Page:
If you follow me on social media, you probably knew I was really excited for the new Godzilla movie that came out a few weeks ago, because since the first trailer was revealed in December all the way up to its May release, I couldn’t shut up about the movie. I lost track of how many tweets and statuses I posted acting like an excited little kid anticipating Christmas morning, or how many times I flaunted a world premier trailer like I was an honor guard for Godzilla or something.
Well, I finally did get to see in May 15th, and it was a lot of fun. I was already having a great day after completing my final college class and graduating after several long, tiring years of school. It only got better when I sat down in the IMAX 3D theater to watch the first Godzilla movie in nearly ten years.
The movie was a blast—chilling, exciting, and awe-inspiring. But what I’ve taken from that day the very most, even more so than graduating from college, was the company I shared when I went to go see the movie. I was lucky enough to have 11 of my closest friends sitting in the theater with me, after I had spent weeks sending group text messages organizing the event—because that’s what it really was for me, an event. I stayed up to date every day on when tickets were being released and at what time, and I made sure everybody knew that I wanted to go for the world premier. Most importantly, I made sure that everybody knew I wanted as many of them with me as possible.
I’ve been a Godzilla fanatic since I was two years old, but growing up, I didn’t know many others who were just as fond of the big guy and other giant monsters as I was. Most little kids were into superheroes like Spiderman, Batman or Superman, and once you get into that Middleschool/Highschool period of your life, there seems to be a tendency to suppress your “nerdy” interests.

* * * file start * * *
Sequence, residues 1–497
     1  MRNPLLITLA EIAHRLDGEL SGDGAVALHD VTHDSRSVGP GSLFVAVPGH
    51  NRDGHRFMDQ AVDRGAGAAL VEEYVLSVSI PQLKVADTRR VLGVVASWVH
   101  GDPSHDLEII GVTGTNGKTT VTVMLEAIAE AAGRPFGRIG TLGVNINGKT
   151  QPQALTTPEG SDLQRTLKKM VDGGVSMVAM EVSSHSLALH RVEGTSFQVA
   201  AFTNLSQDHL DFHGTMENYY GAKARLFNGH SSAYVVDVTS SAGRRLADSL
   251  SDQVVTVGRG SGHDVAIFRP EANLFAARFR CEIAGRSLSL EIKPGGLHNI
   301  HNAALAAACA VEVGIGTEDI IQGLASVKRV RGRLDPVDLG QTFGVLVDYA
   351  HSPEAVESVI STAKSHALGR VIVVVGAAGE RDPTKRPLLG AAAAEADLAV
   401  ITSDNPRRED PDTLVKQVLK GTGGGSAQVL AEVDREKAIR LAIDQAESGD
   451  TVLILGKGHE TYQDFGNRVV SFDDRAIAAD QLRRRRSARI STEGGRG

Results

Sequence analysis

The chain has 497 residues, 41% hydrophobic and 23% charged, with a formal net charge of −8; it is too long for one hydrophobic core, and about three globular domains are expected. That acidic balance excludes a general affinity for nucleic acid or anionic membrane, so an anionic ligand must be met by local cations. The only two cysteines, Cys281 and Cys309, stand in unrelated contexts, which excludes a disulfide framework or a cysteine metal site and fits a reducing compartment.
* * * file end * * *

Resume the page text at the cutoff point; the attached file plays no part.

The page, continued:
So, when I realized that all of my friends who I work with at Best Buy (and have become some of my closest pals) all wanted to see the new Godzilla movie? Well, it felt great to finally be able to share in that interest for a night.
They seemed to understand it, too. Everyone I was with enjoyed the movie (the entire theater, in fact, judging by the hoots, hollers and applauses that erupted throughout the film), especially when it made a point to emphasize just how massive and powerful the monsters were. I admit that I am tremendously biased for the big beasts because I’ve always had a great interest in animals, but I’d argue to that death that you don’t need to be a fanboy for King Kong, Godzilla or the like to appreciate watching one of the behemoths effortlessly thwart a military attack, or when they duke it out across an entire city, tearing down skyscrapers left and right in their primal brawl.
The latter example was, expectedly, the highlight of the newest Godzilla film, where the Big G squares off with his adversaries in the heart of San Francisco. Before that, I had already watched all 28 Japanese Godzilla films, read numerous novels and comics, and watched dozens of other giant monster movies, but it was really something special to watch it on the big screen in 3D, with the IMAX sound system blaring as the Western reimagining of Godzilla battled with two brand new, vicious insect-like monsters amongst the spires of one of America’s grandest cities.